Individuals in Texas and elsewhere across the nation who are finding themselves involved in a situation that could be interpreted as kidnapping may want to know more about the state and federal laws that might apply to their unique set of circumstances. Kidnapping is defined as the intentional or knowing abduction of another person. In some cases, the taking of a child by a non-custodial parent could result in the filing of kidnapping charges against that party.
The kidnapping of a child within the context of a divorced or separated family is the most commonly publicized type of kidnapping case. However, taking any person from one place to another against that individual’s will or confining a person to a controlled space may also lead to kidnapping charges dependent upon the particular circumstances surrounding each individual situation.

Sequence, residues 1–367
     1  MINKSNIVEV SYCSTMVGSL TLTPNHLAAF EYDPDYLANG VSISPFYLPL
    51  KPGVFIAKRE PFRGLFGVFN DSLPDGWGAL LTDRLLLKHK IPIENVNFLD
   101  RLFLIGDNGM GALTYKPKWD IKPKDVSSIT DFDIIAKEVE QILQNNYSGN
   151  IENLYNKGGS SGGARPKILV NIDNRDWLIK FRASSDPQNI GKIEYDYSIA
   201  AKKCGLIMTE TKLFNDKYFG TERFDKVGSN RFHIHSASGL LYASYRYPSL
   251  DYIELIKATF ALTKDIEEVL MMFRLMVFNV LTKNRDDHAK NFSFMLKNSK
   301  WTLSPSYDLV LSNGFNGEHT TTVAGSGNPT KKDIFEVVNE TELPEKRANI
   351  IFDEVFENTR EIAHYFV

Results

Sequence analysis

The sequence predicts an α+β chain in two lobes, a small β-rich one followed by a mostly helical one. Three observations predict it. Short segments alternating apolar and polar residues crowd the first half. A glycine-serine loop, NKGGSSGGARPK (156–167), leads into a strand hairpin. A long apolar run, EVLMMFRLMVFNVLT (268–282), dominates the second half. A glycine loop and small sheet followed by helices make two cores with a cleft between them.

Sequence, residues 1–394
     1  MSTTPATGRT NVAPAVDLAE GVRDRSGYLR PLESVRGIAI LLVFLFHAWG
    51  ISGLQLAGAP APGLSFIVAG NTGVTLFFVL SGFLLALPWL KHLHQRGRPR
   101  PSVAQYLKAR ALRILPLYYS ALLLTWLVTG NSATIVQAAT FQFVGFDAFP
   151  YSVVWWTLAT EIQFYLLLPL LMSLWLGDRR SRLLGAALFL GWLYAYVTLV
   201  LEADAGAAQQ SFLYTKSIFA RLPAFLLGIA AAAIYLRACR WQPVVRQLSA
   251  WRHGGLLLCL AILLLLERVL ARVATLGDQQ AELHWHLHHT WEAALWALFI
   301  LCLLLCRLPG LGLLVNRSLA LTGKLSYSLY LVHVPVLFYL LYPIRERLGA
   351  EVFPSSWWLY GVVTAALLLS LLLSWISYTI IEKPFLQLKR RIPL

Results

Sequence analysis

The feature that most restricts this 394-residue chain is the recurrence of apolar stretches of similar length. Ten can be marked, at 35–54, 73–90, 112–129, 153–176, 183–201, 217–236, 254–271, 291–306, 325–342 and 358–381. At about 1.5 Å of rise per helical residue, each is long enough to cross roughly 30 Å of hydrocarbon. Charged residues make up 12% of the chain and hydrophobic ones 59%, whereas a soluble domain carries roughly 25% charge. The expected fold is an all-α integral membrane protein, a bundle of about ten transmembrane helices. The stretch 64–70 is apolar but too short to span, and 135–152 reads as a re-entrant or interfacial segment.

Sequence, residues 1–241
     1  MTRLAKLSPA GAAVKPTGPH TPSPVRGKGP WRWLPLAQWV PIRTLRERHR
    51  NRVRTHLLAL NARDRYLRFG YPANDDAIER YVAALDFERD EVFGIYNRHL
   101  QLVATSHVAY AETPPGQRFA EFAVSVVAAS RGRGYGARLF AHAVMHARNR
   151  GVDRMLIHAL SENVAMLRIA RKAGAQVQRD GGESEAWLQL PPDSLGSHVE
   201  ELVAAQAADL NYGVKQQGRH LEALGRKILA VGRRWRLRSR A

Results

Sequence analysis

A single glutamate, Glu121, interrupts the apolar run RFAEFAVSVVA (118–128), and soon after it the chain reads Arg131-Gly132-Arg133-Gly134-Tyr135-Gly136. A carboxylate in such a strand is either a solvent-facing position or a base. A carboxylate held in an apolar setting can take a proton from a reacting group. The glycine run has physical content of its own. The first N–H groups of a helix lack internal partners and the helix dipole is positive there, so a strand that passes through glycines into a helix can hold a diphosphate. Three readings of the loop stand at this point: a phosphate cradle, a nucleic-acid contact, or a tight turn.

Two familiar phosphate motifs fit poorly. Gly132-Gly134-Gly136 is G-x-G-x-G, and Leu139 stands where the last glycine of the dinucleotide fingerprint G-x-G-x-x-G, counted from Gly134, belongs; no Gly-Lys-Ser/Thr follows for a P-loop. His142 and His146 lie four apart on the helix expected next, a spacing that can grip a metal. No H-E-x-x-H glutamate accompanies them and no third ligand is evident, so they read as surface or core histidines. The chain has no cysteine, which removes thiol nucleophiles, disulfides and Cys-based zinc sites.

Dependent upon prior convictions and other factors, kidnapping is a serious federal crime that is associated with harsh penalties, including prison sentences that might exceed 20 years in some cases. International parental kidnapping, which is prosecuted under a separate federal statute, may result in a three-year prison sentence upon conviction.
In Texas, kidnapping is classified as a third-degree felony. However, there are a number of defenses that may be employed by individuals who have been charged with this crime. Parties who find themselves facing kidnapping charges in this state may want to seek advice from an attorney with experience in criminal defense at both state and federal levels. When it is a viable option, the attorney could work to have the charges reduced or dismissed.
Source: FindLaw, “Kidnapping,” accessed on Aug. 16, 2016